“Confidence and reassurance are key,” said Wilson. “Giving travellers confidence in health safety was an early focus, as was ensuring people had confidence that they had flexibility to change plans should government policies change. This is an ongoing task.”

Continuous dialogue
Industry stakeholders also highlighted the need to work closely with government agencies and health experts on a coordinated approach towards travel and tourism resumption.

Wilson said government policies “played an important role” in providing “stability and predictability”.

Healy said it was imperative that governments across the region “consult with us, work with us and allow us to share our expertise”.

She also hoped that more countries would change policies to accept rapid antigen tests – instead of the more costly PCR tests – and align their entry applications.

As more people returned to travel and share their experiences, while processes become simpler or disappear, Wilson said travel confidence would build.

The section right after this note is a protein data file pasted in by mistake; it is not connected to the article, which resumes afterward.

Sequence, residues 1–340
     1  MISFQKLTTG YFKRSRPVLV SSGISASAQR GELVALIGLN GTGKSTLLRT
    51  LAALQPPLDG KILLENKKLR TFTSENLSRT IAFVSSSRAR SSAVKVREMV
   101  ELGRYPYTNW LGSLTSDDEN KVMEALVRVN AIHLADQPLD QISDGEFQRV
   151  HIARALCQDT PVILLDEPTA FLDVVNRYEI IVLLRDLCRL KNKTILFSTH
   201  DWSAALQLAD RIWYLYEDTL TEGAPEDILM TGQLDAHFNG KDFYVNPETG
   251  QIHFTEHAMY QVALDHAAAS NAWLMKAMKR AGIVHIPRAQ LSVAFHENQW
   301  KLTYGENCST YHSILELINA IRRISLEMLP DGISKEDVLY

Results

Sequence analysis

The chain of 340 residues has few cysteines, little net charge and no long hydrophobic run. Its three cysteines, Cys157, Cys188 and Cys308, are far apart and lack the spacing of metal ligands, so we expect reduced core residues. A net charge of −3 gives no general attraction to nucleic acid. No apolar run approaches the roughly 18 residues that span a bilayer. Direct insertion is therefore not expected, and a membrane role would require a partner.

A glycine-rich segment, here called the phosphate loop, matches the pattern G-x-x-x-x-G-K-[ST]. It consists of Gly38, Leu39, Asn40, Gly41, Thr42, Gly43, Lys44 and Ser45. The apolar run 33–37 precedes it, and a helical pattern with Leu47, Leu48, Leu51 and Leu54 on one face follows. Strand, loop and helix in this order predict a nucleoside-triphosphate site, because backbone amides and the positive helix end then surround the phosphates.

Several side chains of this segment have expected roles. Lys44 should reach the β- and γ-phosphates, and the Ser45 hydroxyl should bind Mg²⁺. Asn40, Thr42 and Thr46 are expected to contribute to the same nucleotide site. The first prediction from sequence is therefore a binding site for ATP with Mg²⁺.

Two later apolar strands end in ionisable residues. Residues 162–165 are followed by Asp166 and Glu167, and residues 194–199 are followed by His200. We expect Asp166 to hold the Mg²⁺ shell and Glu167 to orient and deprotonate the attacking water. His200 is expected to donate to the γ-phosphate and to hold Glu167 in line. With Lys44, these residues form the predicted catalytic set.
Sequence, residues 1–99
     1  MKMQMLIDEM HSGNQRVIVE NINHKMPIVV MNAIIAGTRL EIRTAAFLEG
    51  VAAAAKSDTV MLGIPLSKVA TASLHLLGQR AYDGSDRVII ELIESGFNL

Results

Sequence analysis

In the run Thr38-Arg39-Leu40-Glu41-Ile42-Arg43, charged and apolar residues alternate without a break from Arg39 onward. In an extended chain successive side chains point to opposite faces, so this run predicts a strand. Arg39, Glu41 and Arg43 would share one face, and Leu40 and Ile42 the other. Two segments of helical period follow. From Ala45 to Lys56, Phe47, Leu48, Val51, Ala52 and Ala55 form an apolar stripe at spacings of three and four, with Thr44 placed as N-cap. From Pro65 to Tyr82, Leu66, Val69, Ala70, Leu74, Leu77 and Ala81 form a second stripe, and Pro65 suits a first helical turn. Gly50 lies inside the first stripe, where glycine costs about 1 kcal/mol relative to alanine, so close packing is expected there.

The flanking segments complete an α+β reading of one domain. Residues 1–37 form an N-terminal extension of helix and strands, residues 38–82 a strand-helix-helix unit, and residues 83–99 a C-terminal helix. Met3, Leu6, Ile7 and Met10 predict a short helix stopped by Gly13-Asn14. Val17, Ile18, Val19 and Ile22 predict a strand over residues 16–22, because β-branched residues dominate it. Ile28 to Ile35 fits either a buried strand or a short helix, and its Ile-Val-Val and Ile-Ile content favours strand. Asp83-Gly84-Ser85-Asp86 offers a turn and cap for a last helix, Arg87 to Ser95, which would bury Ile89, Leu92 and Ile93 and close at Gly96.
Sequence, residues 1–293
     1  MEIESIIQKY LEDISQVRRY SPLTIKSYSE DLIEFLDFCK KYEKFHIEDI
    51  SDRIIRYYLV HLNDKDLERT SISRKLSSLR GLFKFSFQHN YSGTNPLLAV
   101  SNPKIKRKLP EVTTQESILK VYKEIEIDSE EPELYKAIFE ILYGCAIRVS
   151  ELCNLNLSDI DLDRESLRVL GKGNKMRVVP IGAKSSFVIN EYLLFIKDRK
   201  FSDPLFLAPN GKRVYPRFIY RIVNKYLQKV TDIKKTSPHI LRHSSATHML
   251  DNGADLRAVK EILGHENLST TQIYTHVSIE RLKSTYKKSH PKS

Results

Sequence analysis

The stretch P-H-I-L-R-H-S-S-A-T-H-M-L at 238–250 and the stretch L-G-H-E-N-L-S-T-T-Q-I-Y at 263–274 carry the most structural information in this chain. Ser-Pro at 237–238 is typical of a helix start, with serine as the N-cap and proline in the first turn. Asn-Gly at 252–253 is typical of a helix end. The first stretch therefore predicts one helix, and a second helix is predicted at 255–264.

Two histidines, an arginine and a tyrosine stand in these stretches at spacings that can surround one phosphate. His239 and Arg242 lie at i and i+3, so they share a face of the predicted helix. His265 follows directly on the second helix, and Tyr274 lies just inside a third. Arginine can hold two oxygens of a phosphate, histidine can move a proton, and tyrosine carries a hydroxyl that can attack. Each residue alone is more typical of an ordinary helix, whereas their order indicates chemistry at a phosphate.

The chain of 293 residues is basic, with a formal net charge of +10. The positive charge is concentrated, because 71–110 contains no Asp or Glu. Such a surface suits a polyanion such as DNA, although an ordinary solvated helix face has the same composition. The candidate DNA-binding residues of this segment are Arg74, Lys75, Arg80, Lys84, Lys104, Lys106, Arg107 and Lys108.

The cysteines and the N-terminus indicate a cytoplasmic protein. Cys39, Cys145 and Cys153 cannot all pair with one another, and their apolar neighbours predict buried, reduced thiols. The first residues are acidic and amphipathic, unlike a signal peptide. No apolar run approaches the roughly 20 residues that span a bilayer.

He is confident that once customers have taken their first flight, “any lingering doubts will likely dissipate and subsequent travel plans will naturally fall into place”.

“We have seen a huge demand on routes where pandemic restrictions on quarantines have been relaxed, as well as for Singapore’s Vaccinated Travel Lanes with many countries. This gives us great confidence that it is just a matter of time until full recovery,” he said.

And until that day comes, Anderson said Tourism Australia sees “a strong opportunity to appeal to (travellers’) innate desire to experience new cities and showcase our offerings to them”.